Findings from a phase III study show that neoadjuvant nivolumab plus chemotherapy had a significant benefit over chemotherapy alone with respect to event-free survival (EFS) and pathological complete response (pCR) and had no adverse effect on surgical feasibility or surgical outcomes in patients with resectable stage IB (≥4 cm) to IIIA non-small cell lung cancer (NSCLC) and ECOG performance status of 0 or 1. The results are published on 11 April 2022 by Prof. Patrick Forde of the Johns Hopkins Kimmel Cancer Center in Baltimore, MD, US and CheckMate 816 colleagues in The New England Journal of Medicine.
The authors wrote in the study background that neoadjuvant or adjuvant chemotherapy confers a modest benefit over surgery alone for resectable NSCLC. In the neoadjuvant context, immunotherapy provides an early opportunity to treat micrometastatic disease and enhances the immune response when bulk tumour and tumour antigens are still present during the treatment. In early-phase studies, nivolumab-based neoadjuvant regimens have shown promising clinical activity; however, data from phase III studies are needed to confirm these findings.
In an open-label, phase III, CheckMate 816 study, the investigators randomly assigned in a 1:1 ratio patients with stage IB to IIIA resectable NSCLC to receive nivolumab plus platinum-based chemotherapy (three cycles) or platinum-based chemotherapy alone (three cycles), followed by resection. The primary endpoints were EFS and pCR, defined as 0% viable tumour in resected lung and lymph nodes, both evaluated by blinded independent review. Overall survival (OS) was a key secondary endpoint. Safety was assessed in all treated patients.
Patients had to have measurable disease according to the RECIST version 1.1, and pretreatment tumour tissue available to assess the expression of PD-L1. Patients with known ALK translocations or EGFR mutations were excluded.
The median EFS was 31.6 months (95% confidence interval [CI] 30.2 to not reached) with nivolumab plus chemotherapy and 20.8 months (95% CI 14.0 to 26.7) with chemotherapy alone (hazard ratio [HR] for disease progression, disease recurrence, or death 0.63; 97.38% CI 0.43 to 0.91; p = 0.005).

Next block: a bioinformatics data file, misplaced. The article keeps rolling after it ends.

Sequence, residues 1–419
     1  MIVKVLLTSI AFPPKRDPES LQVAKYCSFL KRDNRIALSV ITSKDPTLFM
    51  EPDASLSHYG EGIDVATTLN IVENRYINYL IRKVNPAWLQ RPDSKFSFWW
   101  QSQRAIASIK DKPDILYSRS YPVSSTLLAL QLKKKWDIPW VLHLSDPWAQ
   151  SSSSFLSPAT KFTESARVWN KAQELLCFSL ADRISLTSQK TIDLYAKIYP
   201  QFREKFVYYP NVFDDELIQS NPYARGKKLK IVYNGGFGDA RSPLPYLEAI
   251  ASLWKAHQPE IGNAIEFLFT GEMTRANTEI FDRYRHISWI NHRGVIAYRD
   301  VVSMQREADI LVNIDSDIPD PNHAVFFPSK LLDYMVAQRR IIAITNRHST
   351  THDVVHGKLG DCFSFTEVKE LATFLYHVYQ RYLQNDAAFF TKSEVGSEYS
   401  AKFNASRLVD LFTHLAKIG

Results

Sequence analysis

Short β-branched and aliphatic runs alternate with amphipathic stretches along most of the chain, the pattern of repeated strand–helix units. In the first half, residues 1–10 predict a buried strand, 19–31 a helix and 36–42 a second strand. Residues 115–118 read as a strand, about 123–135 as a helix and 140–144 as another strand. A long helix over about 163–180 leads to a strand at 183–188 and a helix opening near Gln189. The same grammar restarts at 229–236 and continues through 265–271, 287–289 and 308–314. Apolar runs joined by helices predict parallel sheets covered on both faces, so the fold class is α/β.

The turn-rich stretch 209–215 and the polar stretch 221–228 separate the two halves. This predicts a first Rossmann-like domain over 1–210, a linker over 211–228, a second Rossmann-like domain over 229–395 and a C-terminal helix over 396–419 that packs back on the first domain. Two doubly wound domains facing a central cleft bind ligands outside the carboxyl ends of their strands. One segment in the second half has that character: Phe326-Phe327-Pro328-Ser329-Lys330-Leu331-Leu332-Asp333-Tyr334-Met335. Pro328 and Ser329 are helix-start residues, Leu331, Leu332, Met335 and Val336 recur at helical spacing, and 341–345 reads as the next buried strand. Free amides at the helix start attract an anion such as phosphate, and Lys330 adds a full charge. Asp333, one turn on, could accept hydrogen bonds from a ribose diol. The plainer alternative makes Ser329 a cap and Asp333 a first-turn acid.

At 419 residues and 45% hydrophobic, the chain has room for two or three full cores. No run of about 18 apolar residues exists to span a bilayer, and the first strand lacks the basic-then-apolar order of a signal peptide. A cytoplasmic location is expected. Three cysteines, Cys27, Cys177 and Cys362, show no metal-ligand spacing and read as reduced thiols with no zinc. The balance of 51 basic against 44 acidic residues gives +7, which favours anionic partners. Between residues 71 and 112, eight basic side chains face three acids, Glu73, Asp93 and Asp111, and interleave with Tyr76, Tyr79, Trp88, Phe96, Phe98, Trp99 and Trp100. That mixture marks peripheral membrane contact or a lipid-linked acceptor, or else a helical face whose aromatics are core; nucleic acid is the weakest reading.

The percentage of patients with a pCR was 24.0% (95% CI 18.0 to 31.0) and 2.2% (95% CI 0.6 to 5.6), respectively (odds ratio 13.94; 99% CI 3.49 to 55.75; p < 0.001).
Results for EFS and pCR across most subgroups favoured nivolumab plus chemotherapy over chemotherapy alone.
At the first prespecified interim analysis, the HR for death was 0.57 (99.67% CI 0.30 to 1.07) and did not meet the criterion for significance.
In terms of other key outcomes, including OS, time to death or distant metastases, major pathological response, EFS2, objective response, and radiographic downstaging, also favoured nivolumab plus chemotherapy.
An exploratory analysis involving a subgroup of patients suggested that ctDNA clearance before surgery was more common among patients receiving nivolumab plus chemotherapy than among those receiving chemotherapy alone.
Grade 3 or 4 treatment-related adverse events occurred in 33.5% of the patients in the nivolumab-plus chemotherapy arm and in 36.9% of those in the chemotherapy-alone arm. Safety was consistent with that in previous reports.
Of the patients who underwent randomisation, 83.2% of those in the nivolumab plus chemotherapy arm and 75.4% of those in the chemotherapy alone arm underwent surgery. The addition of nivolumab to neoadjuvant chemotherapy did not increase surgery-related adverse events or impede the feasibility of surgery.
The authors commented that CheckMate 816 builds on a strong biologic rationale for nivolumab use in resectable NSCLC, especially in the neoadjuvant context. On the basis of this study, nivolumab in combination with chemotherapy has been approved in the US as neoadjuvant treatment for adult patients with resectable NSCLC (tumours ≥4 cm or node positive).
In accompanied editorial, Dr. Christine M. Lovely of the Vanderbilt–Ingram Cancer Center in Nashville, TN, US wrote that the results from this study are expected to be practice changing, but several issues remain to be addressed. First, she questioned if a pCR is predictive of EFS and can EFS be used as a surrogate endpoint for OS. Second, is adjuvant therapy necessary and what criteria should be used to select patients to receive adjuvant therapy. Third, protocols must be put in place to ensure successful tissue handling, avoiding the potential for delays in obtaining biomarker results needed to plan preoperative therapy. Fourth, neoadjuvant therapy requires a disease management team made up of experts in different disciplines challenging implementation broadly, regardless of location, to prevent widening the survival gaps that already exist for lung cancer. Despite challenges, neoadjuvant therapy is expected to herald a new era for early lung cancer.
The study was funded by Bristol Myers Squibb.